Maybe I have been oblivious to it all my life, but it seems that the razor-thin and contested election in 2000 and terrorist attack the following year either created or revealed tribal identities that had gone unnoticed for a long time. Many retreated into territories defined by politics and religion. In this historic primary season it has happened again, now along racial and gender lines. It isn’t absolute by any means, just much more clearly marked. All of it is driven by group identification, and in that sense it comes from a level too low to be reached by persuasion. It may be dressed up in formal clothes, sober tones, a big vocabulary and impressive rationalizations, but much of the time what passes for dialog seems to come from some of our most primitive instincts.

Reader Comments (6)

There is no other reason why the Posse Comitatus and other militia groups have 'gone underground' with any sort of protest concerning our diminished civil liberties. You'd think they'd protest the TSA, even, but not one squawk? Not one organized protest at the Capitol?

How much do we hear about survivalist methods and businesses? Certainly not as much as we did 10 years ago. I think they think they're on hold for the Rapture, and have saved food and guns enough to deal with the preliminary chaos. They probably think we're fools to care about the Constitution, and see the election of either HRC or BHO as an alarm clock for Armageddon. They've already left the national stage to tend to their own compounds, and are willing to undergo bankruptcy or foreclosure, as long as they have the weapons to fight it out with the police, when the time comes.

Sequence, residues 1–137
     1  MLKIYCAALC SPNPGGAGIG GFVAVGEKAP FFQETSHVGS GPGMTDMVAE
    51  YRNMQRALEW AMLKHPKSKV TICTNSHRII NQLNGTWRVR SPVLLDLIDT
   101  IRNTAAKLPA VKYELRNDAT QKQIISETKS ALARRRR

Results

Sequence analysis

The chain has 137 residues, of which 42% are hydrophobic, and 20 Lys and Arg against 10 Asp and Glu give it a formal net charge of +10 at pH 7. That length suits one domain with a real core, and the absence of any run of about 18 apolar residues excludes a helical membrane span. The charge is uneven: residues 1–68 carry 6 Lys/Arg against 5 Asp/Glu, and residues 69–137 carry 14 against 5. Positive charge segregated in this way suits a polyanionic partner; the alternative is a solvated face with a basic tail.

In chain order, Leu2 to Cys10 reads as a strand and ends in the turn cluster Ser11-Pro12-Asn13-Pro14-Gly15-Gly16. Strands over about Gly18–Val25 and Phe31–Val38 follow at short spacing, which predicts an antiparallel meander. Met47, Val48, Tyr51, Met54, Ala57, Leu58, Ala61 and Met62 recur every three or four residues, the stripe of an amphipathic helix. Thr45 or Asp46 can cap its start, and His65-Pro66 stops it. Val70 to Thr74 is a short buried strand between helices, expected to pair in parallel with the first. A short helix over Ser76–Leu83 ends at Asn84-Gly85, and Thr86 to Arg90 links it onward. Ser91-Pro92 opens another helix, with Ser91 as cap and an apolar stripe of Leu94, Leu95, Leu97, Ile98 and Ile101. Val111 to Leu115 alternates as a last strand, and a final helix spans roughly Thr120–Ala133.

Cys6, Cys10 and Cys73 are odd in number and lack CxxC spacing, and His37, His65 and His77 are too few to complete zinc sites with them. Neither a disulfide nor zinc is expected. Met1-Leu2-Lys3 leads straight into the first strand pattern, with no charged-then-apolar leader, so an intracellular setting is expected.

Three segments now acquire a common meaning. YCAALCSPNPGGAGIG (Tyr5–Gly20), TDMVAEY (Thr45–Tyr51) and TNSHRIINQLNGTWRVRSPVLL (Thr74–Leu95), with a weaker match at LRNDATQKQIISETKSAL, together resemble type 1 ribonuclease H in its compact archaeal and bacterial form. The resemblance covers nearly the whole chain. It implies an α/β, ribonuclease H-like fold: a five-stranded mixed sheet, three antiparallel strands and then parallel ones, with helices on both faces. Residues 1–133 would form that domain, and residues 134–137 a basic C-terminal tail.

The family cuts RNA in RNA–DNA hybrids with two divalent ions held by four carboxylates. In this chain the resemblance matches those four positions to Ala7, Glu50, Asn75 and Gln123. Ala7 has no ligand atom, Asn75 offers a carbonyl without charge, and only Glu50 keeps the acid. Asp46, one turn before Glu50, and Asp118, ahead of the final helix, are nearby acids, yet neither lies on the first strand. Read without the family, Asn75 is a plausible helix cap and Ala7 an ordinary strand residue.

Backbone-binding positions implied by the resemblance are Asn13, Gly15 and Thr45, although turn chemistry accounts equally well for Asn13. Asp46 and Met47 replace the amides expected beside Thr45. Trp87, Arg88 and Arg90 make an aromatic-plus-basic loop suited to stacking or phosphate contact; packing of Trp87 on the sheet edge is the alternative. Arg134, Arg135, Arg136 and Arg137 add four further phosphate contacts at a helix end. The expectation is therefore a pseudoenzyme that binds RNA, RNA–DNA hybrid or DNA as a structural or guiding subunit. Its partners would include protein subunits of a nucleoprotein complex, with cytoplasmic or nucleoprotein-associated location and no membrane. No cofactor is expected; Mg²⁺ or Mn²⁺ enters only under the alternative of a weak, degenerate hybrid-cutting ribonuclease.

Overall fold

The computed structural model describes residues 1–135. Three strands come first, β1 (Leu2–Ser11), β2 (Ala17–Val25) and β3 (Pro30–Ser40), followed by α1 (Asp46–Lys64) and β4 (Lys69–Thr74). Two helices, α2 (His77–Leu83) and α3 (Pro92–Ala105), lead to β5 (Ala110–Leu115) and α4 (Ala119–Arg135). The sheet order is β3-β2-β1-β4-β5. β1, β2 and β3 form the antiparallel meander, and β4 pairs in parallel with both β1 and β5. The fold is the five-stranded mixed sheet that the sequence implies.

In short, they've already checked out from Democracy; they're waiting to rule in Anarchy.

March 28, 2008 | Unregistered Commentercgeye

Thanks for your thoughts. I think you're right about the lunatic fringe having retreated to their bunkers. It's the much larger group nearer the center that I've been wondering about.

March 28, 2008 | Registered CommenterDan

Thank you for this post. This is a very interesting subject to me. I am currently reading Bob Altemeyer's book, The Authoritarians, and it goes into quite a bit of detail about the underlying personality characteristics of people such as those who, on the one hand, are strong gun rights people; but also seem to see no contradiction in holding that view while also supporting the unitary executive principle. The authoritarian mindset which these people have allows for these obvious contradictions. Altemeyer lists seven characteristics which almost all of these personality types will share.

1) Illogical thinking
2) Highly compartmentalized minds
3) Double Standards
4) Hypocrisy
5) Blindness to themselves
6) Profound ethnocentrism
7) Dogmatism

I have found his views on this authoritarian mindset to be very fascinating. It has been quite revealing to look around at this country's political environment today and take into account all of the characteristics which have given this dissonance you describe such fertile ground in which to grow. There is a very real danger in the rapid proliferation and acceptance these views have enjoyed in this country over the last generation. We would do well to keep a very close watch on it. It is often very subtly pitched and this subtlety, along with repetition, is what is depended on to catapult these views into the mainstream.

Thanks again for your posting. We could use a lot more examination of this subject.

March 28, 2008 | Unregistered CommenterMike

Thanks Mike - those are all really good points. And we need to be careful about those characteristics in our own thinking as well, lest we fall into the trap of saying "we aren't being tribal - they are!"